In one of the most famous single season performances in Major League Baseball history, the 2002 Oakland Athletics won a league-topping 105 games on a paltry $33 million budget. Their secret? Sabermetrics—that is, the use of statistical analysis, rather than subjective judgement, to evaluate players’ relative strengths and weaknesses. The value of this kind of analysis is rather self-evident now, but, in 2002, the notion that the right statistics were more reliable than the best scouts was heresy. Even today, some remain wary of teams that use sabermetrics. As the old timers say, they’re not playing baseball; they’re playing moneyball.
Moneyball (2003), of course, is the name of Michael Lewis’ famous account of that fated season. One of the book’s major, if often implicit, themes is figuring out just how much of the human body’s performance can be neatly quantified and calculated in advance of being fed into a statistical model (what would Foucault have said about biopower and Moneyball?). In esports, though, this question seems rather beside the point: competitive videogames do not need to be made quantifiable because they are always already rooted in quantification. For obvious reasons, sabermetrics (or something like it) in esports don’t have the same kind of narrative, revenge-of-the-nerds-type schtick that gave Moneyball its zing, but it’s worth revisiting the book’s central premise in the context of esports: just how much can statistical analysis improve a team’s performance?
On this point, the current state of the analyst in Dota 2 (2013) is an object lesson. Two weekends ago, 16 teams gathered in Manila, Philippines for the Manila Major, one of the largest professional Dota 2 tournaments of the year. Roughly half of the teams competing brought a dedicated analyst with them, a significant increase from even a year ago. Distinct from a team’s coach, who often is or was a professional player and is tasked with making high-level strategic decisions, the analyst offers a deliberately narrow point of view. As Murielle “Kipspul” Huisman, first-time analyst for the Malaysian Dota 2 team, Fnatic, notes, “a coach is basically the team’s sixth player… an analyst’s task, on the other hand, is to equip the players with the information they need to do battle.”
That’s theory, at least. Here, in her words, is Huisman’s craft in practice:
“Let’s take Fnatic’s upper bracket win against LGD Gaming! During my research, I noticed a ward that LGD never managed to find and deward. [That ward] worked for us too. I also knew one of LGD’s signature smoke [of deceit, which confers temporary invisibility on the user] timings and showed the players [on Fnatic]. Lo and behold, LGD smoked during that exact window and we dodged their attack.”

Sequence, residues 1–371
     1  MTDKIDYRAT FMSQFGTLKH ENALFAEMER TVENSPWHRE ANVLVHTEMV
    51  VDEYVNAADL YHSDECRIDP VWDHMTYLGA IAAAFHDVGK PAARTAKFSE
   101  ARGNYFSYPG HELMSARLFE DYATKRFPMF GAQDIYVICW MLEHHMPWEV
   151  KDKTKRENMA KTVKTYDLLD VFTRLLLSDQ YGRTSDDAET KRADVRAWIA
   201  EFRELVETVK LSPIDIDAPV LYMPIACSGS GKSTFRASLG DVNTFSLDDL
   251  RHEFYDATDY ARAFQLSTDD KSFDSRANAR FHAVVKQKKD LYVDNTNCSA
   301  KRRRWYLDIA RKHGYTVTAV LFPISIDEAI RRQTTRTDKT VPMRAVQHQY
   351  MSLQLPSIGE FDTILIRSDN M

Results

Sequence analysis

These are modest strategic advantages, but, over time and in the aggregate, they can convert a close game into a win. In the early days of professional Dota 2 competition, this kind of research was by default the responsibility of players, and especially a team’s captain. But as professional Dota 2 has grown and teams have become better-funded and the competition more intense, the means and need for a dedicated analyst have slowly brought the position into being. As another prominent analyst, Trent “MotPax” MacKenzie, who works with the Euro-American compLexity Gaming, recalls, “My first talk with [team captain] Swindelz came down to: ‘we need to get better at the game still, mechanically etc. We don’t have time to research all these other teams.’”
Though Huisman thinks that every team will eventually employ an analyst, at the moment, not every team is convinced that an analyst is worth the expense (there’s no one formula for compensation, but Huisman notes that she gets a flat fee plus a performance-based bonus, while MacKenzie is paid by the hour). In some ways, their skepticism might be well-founded: at the Manila Major, you’d be hard pressed to find any real correlation between a team’s placement and whether or not they brought an analyst with them. Huisman’s Fnatic took a respectable fifth place, while compLexity, despite the guidance of MacKenzie, who is widely considered to be one of the best in the business, was among the first teams eliminated. At the same time, neither of the teams who made it to the grand finals, OG and Team Liquid, used a dedicated analyst.